Thursday 5 August 2004

Speed cameras don't piss people off; people piss people off.

In general, I agree with this piece by Johann Hari, despite the despicability of the organ for which he wrote it. Now, I'm a libertarian. But I don't have a big problem with speed cameras, which tends to get me spurned by the proper libertarians. If you have a problem with being given a ticket for doing 45 in a 30 zone, then your argument is with the speed limit, not with the method by which that limit is enforced. Any argument that it's OK for a policeman to fine you for speeding but not for a speed camera to do exactly the same is simple Luddism, and I have no time for Luddites. It's like a bank robber complaining about the police chasing him in fast cars instead of on bicycles. Similarly, I have no problem with traffic wardens. If you don't like getting parking tickets, don't park on yellow lines. Complaints about speed cameras are, for the most part, messenger-shooting.

All that being said, Johann is, in many ways, talking bollocks.

Firstly, let's tackle that silly comparison between speeding and paedophilia.

Quoth Johann:

Paedophiles slaughter 15 children a year on average. Speeding kills 150.

Now, there's a meaningless statistic dressed up to look like an important point. By this logic, climbing Mount Everest is safer than eating food. Stands to reason. Far more people die of food poisoning than get killed climbing Everest.

What we should be comparing is the proportion of those children who come into contact with paedophiles who are harmed and the proportion of those children who come into contact with cars who are harmed. And what we see is that it is rare for paedophiles to get close to children without harming them, while millions of children cross roads and ride in cars every day and are perfectly OK.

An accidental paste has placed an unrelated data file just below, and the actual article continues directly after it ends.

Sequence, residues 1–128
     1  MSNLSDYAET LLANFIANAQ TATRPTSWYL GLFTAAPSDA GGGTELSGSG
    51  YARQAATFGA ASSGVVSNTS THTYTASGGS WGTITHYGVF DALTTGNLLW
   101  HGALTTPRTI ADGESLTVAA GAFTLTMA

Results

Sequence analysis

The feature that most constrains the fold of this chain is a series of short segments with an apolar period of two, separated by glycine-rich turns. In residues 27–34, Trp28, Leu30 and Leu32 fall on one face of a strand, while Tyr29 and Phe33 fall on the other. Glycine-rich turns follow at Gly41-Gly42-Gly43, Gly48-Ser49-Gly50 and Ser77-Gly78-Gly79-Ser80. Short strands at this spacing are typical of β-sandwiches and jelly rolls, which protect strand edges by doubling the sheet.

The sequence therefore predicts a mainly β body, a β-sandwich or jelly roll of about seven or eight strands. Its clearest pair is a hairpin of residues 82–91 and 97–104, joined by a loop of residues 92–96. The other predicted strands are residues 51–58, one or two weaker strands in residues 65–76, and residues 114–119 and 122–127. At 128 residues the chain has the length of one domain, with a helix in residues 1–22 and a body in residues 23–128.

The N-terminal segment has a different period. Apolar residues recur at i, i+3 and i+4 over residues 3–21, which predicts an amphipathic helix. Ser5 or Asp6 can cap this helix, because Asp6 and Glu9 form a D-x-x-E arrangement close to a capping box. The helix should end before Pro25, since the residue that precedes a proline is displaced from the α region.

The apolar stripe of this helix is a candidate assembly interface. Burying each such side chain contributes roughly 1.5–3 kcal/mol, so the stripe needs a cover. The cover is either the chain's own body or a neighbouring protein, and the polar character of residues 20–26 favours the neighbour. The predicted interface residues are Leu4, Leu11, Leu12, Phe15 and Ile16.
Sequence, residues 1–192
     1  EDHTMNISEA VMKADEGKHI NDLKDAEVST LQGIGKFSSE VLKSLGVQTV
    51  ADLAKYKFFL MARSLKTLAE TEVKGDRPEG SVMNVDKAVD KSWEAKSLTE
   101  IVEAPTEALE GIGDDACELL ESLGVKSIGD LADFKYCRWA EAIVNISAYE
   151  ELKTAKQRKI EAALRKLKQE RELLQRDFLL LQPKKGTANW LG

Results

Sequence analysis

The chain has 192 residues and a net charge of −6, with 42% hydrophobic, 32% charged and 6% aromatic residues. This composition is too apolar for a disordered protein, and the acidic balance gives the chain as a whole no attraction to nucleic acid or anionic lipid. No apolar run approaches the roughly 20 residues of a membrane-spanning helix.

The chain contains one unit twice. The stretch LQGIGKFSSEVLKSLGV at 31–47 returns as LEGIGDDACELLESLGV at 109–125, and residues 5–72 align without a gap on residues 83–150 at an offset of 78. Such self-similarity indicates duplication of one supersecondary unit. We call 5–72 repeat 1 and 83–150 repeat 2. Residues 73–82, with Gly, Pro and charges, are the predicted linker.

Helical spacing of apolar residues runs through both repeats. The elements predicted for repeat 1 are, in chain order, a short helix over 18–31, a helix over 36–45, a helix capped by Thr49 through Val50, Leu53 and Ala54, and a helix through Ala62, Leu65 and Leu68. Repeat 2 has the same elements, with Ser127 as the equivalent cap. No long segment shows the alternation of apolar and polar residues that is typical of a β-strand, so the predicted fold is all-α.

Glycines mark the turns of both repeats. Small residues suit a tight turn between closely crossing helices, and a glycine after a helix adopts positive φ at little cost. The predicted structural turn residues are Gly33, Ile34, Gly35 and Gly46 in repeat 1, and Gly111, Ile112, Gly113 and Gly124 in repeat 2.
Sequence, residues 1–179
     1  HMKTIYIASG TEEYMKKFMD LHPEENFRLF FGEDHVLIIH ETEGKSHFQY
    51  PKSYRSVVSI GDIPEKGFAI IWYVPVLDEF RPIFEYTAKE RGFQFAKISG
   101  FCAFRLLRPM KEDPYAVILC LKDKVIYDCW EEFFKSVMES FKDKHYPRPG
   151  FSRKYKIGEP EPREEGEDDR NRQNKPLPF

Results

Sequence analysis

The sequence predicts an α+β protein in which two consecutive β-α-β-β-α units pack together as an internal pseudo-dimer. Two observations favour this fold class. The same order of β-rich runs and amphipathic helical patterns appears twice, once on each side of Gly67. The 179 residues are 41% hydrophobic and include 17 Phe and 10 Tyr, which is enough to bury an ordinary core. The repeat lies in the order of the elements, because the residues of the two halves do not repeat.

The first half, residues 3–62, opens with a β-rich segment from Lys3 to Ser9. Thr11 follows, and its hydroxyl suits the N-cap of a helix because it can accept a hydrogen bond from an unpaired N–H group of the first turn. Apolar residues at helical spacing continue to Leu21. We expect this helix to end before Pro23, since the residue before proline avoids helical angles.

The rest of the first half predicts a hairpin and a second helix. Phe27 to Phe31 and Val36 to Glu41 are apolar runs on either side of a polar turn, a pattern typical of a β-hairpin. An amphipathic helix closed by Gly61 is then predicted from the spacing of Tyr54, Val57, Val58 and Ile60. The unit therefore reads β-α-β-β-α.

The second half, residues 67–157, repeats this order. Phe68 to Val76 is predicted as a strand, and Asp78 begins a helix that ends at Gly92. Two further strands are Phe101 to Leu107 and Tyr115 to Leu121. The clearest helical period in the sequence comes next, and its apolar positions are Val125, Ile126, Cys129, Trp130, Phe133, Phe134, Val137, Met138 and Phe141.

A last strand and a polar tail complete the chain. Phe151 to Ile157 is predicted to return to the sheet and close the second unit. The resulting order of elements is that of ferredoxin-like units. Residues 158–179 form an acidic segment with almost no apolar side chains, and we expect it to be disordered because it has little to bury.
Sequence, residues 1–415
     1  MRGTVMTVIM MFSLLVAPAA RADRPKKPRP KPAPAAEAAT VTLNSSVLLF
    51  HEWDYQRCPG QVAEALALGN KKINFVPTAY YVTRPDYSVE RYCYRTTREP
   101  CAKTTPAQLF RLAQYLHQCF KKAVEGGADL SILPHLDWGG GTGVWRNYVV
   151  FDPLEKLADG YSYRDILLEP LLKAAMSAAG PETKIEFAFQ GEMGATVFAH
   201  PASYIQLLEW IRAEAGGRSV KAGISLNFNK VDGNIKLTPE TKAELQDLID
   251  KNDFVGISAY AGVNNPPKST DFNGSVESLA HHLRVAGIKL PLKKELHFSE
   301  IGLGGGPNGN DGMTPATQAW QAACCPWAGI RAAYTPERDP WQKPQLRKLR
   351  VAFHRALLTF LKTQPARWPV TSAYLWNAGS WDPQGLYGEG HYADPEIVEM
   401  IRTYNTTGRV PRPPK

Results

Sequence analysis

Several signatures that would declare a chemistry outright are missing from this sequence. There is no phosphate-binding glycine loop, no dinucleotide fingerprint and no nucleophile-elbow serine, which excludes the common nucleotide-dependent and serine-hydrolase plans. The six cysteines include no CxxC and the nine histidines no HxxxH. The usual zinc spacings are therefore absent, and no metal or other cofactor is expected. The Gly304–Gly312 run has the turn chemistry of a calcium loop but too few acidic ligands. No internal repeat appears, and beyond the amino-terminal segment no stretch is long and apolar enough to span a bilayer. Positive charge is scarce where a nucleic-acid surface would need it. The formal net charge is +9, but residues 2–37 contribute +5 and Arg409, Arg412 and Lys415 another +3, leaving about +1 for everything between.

Now, speaking as someone who only speeds on motorways, who adheres faithfully to the 30 limit in built-up areas, and who thinks cameras are a perfectly acceptable way of deterring or catching speeders, let me explain why speed cameras fucking stink.

I live on a residential street. It's bendy, so has limited visibility. People there regularly back out of their drives. Children play. People take their dogs for walks. And cars careen down the road doing at least 40 all the bloody time. The garden at the bottom of the road has cars smash through its wall and onto its lawn, sometimes upside-down, at least twice a year. The residents here would love a speed camera. They've been asking for some sort of traffic-calming device for years, but the police aren't interested.

Meanwhile, on the edge of town, the limit on a dual carriageway drops from 60 to 40. The road is dead straight, has perfect visibility, and virtually no pedestrians — certainly no children playing or cars backing out slowly into the road. And the police just love it. They set up cameras there regularly, and fine drivers who are doing about 45 or 50 just inside the 40 zone — i.e. drivers who are actually slowing down in order to obey the speed limit. As far as I can see, this sort of police behaviour is typical. Can Johann really not see why it might erode the public's faith in the law?